You may look at estate planning as a purely financial endeavor, but this is only part of the process.
People usually experience some sort of decline before passing away. It is important to consider these latter life eventualities when you are putting your estate plan in place.
Incapacity Is Common
When you are perfectly capable of handling your affairs on your own, you may find it difficult to envision a time when you may be incapable of making sound decisions. This is certainly understandable, and this is not a very pleasant subject to consider.
At the same time, it is important to be practical so that you can prepare yourself for whatever may come your way during your twilight years.
Incapacity is actually quite common among elders. Some people become physically unable to communicate, and others suffer from mental incapacitation.
Alzheimer’s is the leading cause of mental incapacitation. Everyone has heard of the disease, but its widespread nature may surprise you. According to data provided by the Alzheimer’s Association, 40 to 45 percent of people who are 85 years of age and older have contracted the disease.
This is a very attention-getting percentage, and Alzheimer’s is just one cause of incapacity. When you consider the facts, you can see that incapacity is a very real possibility if you live to an advanced age.
Durable Powers Of Attorney
Your estate plan should include an incapacity planning component. To prepare for possible incapacity, you could execute legally binding documents called durable powers of attorney.
With a power of attorney you name an agent or attorney-in-fact to act on your behalf. These legal devices are used for various different purposes.
The “durable” designation is relevant here. Durable powers of attorney are used to prepare for possible incapacity, because they would remain in effect even if you become incapacitated. A power of attorney that is not durable would no longer be in effect upon the incapacitation of the grantor.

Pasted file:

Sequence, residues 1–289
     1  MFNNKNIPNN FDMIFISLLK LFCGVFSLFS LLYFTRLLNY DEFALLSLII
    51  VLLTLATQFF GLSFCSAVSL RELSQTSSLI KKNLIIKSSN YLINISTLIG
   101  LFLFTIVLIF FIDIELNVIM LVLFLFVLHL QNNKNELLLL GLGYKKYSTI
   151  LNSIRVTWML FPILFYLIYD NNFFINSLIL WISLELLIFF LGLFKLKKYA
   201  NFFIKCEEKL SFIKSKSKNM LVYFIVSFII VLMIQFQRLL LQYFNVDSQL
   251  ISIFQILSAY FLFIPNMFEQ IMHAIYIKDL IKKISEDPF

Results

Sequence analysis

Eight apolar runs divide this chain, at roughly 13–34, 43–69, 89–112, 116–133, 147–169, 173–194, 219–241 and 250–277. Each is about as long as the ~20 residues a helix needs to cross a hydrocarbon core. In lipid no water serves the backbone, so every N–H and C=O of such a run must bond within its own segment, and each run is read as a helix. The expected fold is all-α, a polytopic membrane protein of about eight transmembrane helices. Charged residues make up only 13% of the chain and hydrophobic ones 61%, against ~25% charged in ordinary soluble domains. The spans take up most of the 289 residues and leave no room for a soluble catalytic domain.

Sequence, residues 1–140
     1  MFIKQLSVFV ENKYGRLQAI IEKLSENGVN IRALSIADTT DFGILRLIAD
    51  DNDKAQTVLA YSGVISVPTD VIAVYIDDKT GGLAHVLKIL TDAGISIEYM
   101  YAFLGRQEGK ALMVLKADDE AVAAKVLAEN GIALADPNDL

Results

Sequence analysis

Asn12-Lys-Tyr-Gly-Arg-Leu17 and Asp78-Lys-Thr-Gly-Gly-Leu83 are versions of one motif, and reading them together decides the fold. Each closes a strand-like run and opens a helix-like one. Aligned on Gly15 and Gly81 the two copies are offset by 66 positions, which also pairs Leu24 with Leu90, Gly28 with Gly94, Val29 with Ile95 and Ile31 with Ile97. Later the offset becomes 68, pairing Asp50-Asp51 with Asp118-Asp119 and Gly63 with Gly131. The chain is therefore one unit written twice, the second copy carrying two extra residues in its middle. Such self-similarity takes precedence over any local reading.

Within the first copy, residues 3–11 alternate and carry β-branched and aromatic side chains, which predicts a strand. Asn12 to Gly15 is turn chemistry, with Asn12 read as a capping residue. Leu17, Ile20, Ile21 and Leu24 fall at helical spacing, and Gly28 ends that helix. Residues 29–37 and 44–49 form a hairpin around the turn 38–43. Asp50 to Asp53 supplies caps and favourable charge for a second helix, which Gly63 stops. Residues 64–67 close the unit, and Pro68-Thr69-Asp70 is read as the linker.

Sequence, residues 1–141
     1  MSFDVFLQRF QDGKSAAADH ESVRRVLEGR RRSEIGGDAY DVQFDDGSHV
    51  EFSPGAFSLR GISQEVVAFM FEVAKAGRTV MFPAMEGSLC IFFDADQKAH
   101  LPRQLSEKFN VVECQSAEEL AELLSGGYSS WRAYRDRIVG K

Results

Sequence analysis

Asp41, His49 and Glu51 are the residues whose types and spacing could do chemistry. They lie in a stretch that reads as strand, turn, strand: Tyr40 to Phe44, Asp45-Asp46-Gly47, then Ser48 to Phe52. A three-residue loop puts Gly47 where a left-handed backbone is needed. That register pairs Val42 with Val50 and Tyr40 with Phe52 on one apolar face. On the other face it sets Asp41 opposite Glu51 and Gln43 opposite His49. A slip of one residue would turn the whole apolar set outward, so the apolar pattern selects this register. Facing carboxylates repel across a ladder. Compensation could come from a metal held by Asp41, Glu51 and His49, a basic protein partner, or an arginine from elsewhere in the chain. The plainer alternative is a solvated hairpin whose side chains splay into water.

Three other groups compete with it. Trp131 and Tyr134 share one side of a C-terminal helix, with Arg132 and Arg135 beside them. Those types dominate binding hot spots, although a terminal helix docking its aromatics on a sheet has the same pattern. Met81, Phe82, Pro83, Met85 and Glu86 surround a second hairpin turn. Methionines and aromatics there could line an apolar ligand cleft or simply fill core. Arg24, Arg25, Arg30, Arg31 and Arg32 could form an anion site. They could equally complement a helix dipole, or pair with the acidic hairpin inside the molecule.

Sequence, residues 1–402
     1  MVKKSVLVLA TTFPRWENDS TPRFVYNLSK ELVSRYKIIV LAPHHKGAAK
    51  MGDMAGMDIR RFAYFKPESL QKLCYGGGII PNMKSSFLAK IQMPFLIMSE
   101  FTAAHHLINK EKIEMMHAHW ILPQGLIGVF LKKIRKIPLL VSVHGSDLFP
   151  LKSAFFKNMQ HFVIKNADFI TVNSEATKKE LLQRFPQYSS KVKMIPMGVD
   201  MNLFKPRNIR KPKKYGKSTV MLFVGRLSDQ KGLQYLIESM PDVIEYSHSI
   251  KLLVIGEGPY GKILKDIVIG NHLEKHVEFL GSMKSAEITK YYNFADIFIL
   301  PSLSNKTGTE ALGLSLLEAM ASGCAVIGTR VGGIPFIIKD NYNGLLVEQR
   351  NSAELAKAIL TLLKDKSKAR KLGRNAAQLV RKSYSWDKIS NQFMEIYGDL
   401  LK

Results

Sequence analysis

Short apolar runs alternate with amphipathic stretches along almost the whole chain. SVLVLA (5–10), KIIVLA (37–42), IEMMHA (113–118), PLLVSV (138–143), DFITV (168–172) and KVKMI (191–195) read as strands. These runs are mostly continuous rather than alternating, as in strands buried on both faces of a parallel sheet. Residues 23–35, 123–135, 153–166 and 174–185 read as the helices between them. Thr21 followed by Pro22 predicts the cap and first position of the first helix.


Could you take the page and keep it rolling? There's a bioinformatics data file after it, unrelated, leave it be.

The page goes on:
If you were incapacitated, financial decision-making would be necessary, and health care decisions would also present themselves.
You may want one person to handle your financial affairs, and you may want a different individual to make medical decisions on your behalf. To accomplish this, you could execute two different durable powers of attorney: a durable power of attorney for health care (sometimes called a health care proxy), and a durable financial power of attorney. When you are creating the documents, you could name two different respective attorneys-in-fact.
Free Incapacity Planning Consultation
If you would like to put these important incapacity planning documents in place, we can help. Our firm offers free consultations, and we would be glad to assist you.
You can send us a message through this link to set up an appointment: Bucks County PA Incapacity Planning.
To learn more, please download our free Durable Power of Attorney in Pennsylvania here.
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